As the old van turned from Lake Street onto 12th Avenue on Monday, people waving signs and flags surrounded it, much to the surprise of Jamal James.

“That was beautiful,” James said Thursday from Los Angeles. “And very unexpected.”

James, fellow boxer David Morrell and trainers Sankara and Adonis Frazier had driven from their boxing camp in Barnum, Minn., just northeast of Moose Lake, to ride by their home gym on their way to the biggest fight of James’ life.

Frazier surprised James by having the van cruise by the Circle of Discipline Gym, where they’ve been working together since James was a child. Fans of James, the Minneapolis native, and Morrell, a young Cuban who is training with the Fraziers, had waited for an hour in the summer sun, and they gathered around the van, wearing masks and respecting social distancing guidelines as James waved.

Saturday night in Los Angeles, James will fight for the WBA interim welterweight title. For years, James’ slogan has been: “Where’s my belt?” Now, finally, it is an uppercut away.

James will face Thomas Dulorme at Microsoft Theater in Los Angeles. The fight will be televised over the air on Fox.

James, 32, is 26-1. Dulorme, 30, is 25-3-1.

“This has great significance,” said Minneapolis boxing historian Harry Davis, as he stood in front of the gym Monday. “This would re-energize the boxing community here, and enable the Armory to bring in top boxing entertainment to Minneapolis.”

James’ fight with Dulorme was originally scheduled for the Armory in April but was postponed because of COVID-19. James and Frazier repaired to their camp in Barnum and went back to work.

“When you’re in training for a big fight, it’s almost like you’re in quarantine, anyway,” James said. “It’s all about discipline.”

That word is a mantra for Frazier and James. Monday, Davis pointed to the facade of the gym on the corner of Lake Street. Many businesses in the neighborhood display boarded windows and graffiti in the wake of rioting after George Floyd’s killing. The Circle of Discipline is untouched.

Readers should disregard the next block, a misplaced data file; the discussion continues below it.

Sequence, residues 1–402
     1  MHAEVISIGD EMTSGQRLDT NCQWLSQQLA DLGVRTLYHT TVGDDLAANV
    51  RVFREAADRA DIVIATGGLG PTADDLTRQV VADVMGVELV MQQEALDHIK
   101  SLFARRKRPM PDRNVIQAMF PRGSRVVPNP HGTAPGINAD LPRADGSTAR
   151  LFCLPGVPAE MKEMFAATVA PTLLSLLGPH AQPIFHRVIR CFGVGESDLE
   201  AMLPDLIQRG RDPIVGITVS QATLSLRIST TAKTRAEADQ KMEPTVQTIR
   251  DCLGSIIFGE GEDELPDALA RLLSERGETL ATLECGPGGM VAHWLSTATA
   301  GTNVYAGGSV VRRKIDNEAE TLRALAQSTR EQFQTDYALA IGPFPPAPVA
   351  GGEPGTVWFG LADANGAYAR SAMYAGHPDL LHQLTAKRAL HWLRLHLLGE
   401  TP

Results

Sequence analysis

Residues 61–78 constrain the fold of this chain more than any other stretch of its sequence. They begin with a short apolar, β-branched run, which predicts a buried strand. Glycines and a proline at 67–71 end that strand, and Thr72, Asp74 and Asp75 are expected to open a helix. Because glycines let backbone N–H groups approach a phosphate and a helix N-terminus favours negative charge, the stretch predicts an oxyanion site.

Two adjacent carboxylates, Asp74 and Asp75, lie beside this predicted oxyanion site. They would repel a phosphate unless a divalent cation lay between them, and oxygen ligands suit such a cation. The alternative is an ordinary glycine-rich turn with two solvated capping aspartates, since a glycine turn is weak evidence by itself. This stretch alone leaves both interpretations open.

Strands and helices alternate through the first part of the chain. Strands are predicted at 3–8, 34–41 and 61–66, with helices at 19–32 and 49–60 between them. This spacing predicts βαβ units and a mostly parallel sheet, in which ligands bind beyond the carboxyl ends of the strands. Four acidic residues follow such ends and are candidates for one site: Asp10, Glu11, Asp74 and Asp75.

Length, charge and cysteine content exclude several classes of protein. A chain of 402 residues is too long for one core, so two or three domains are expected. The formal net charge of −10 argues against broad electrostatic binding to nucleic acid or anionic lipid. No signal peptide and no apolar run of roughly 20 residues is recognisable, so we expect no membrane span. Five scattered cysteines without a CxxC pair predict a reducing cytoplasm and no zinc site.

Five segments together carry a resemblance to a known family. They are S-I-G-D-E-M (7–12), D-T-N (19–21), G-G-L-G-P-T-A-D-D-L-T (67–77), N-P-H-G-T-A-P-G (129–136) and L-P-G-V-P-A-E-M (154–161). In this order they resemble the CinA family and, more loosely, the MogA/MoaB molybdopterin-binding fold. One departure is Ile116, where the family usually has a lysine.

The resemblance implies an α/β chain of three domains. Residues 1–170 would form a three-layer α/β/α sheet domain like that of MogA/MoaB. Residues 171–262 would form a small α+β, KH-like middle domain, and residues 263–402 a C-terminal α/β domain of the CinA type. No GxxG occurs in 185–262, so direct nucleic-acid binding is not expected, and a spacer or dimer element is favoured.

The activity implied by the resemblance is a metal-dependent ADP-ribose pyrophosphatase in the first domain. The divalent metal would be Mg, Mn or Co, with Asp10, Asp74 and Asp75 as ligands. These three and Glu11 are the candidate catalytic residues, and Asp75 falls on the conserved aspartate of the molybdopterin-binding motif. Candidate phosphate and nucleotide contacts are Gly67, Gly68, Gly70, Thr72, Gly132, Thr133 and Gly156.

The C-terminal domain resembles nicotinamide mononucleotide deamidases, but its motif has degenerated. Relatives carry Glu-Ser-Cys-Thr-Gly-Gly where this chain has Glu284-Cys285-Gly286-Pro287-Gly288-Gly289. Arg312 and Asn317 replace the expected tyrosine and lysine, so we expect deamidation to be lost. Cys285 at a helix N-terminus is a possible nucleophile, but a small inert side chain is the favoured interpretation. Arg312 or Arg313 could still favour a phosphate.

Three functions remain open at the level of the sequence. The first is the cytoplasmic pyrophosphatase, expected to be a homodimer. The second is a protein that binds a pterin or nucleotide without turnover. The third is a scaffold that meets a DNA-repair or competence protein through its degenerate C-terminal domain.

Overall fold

“Look at this place,” Davis said. “No gang signs. No graffiti. Because people here know this is the real deal, that this is here for the community. This place is off limits.”

It was packed Monday. Fans of James wore T-shirts bearing the phrase “Shango Nation.” James adopted the nickname “Shango” to honor his grandfather, who played in a Calypso band named Shangoya.

Working out in the spartan Circle of Discipline gym, which features photos of immortal boxers and civil rights leaders, James will often use worn equipment and listen to vintage music, whether Calypso, jazz or Motown.

Sankara Frazier and his son, Adonis, run the nonprofit and have developed a national reputation for training fighters. Morrell’s Cuban handlers chose Frazier to train him.

“David could have gone anywhere,” Davis said. “And he chose Sankara, the COD and Minneapolis. That’s a great sign for Minneapolis boxing.”

Morrell (at 22, 2-0 as a professional) will fight Lennox Allen (22-0-1) on the undercard Saturday.

It is emblematic of boxing across America and in Minneapolis that while James is in Los Angeles for a title fight, Davis is working to secure funding for the gym. He is hoping that a title will revive the sport and allow the Fraziers to continue to work with community kids.

“We try to be here for everybody,” Sankara Frazier said. “We’re a community place. People here know that. You saw that on Monday.”

The pandemic has altered the atmosphere around the fight. Instead of competing in a packed, rowdy Armory, the foursome observed health protocols while flying to Los Angeles and at their hotel there. After a life of striving, James will fight for a title with no fans screaming for him.

“What will it be like?” Frazier said. “It will be like being in the gym. For Jamal, that could be an advantage, because he loves being in the gym.”